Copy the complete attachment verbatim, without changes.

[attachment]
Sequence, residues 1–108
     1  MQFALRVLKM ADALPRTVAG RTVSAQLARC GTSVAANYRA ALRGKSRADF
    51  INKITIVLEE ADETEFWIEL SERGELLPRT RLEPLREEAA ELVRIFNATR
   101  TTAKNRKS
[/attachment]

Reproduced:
Sequence, residues 1–108
     1  MQFALRVLKM ADALPRTVAG RTVSAQLARC GTSVAANYRA ALRGKSRADF
    51  INKITIVLEE ADETEFWIEL SERGELLPRT RLEPLREEAA ELVRIFNATR
   101  TTAKNRKS